PG has all the elements of a typical Dresden novel. A simple case that is much more complex than it looks. Dresden getting whipped around until he can sort out the different factions hostile towards him. Friends in danger. Sometimes I wonder how Butcher can regularly whip out a novel that remains as goods as the last (pixies slaving away in a secret factory?). But as long as the Dresden books are such excellent reading material, I won’t complain. In PG it’s not exactly Harry’s life that is on the line, but his friend’s daughter. Phobophages, entities that feast on fear, are killing the guests on a local horror convention. And Michael’s daughter is amidst them.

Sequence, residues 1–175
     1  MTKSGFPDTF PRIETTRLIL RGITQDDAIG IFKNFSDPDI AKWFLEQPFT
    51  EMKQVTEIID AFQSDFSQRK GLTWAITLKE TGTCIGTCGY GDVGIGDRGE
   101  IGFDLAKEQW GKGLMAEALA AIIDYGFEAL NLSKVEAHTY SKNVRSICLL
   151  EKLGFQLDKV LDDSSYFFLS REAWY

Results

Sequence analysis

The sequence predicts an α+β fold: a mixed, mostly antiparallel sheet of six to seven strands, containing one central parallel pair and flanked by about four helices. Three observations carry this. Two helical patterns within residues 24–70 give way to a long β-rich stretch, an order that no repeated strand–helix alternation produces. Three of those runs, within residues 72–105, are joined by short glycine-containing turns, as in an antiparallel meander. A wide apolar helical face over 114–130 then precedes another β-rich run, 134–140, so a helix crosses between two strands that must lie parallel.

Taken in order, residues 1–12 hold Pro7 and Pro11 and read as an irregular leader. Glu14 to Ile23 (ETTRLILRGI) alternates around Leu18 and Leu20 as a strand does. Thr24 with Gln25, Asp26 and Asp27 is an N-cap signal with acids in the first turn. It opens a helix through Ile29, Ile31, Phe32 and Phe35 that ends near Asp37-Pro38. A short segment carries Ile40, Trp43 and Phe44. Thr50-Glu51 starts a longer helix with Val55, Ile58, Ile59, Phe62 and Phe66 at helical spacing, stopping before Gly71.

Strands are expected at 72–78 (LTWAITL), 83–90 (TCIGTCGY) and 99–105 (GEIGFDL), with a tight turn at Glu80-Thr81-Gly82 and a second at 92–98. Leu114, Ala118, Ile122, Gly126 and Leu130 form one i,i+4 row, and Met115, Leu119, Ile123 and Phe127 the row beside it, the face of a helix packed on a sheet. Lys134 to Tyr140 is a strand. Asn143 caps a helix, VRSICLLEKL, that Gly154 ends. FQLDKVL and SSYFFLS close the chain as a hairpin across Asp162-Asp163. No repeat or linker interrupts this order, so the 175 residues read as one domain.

If you ever had the responsibility for a kid, very young or older, you’ll know the fears that Dresden is facing in PG, and Butcher uses that very well to drive the tension. It’s this gut wrenching feeling we get when we think our children aren’t safe or in danger, something that you’ll really understand only when you get older. The instinct to protect the small ones is hardwired, makes us edgy and full of worries. One scene near the end of the book (the meeting with the other Wardens) was especially hard to read for me, exactly because Butcher played this so well and made me care. Great stuff.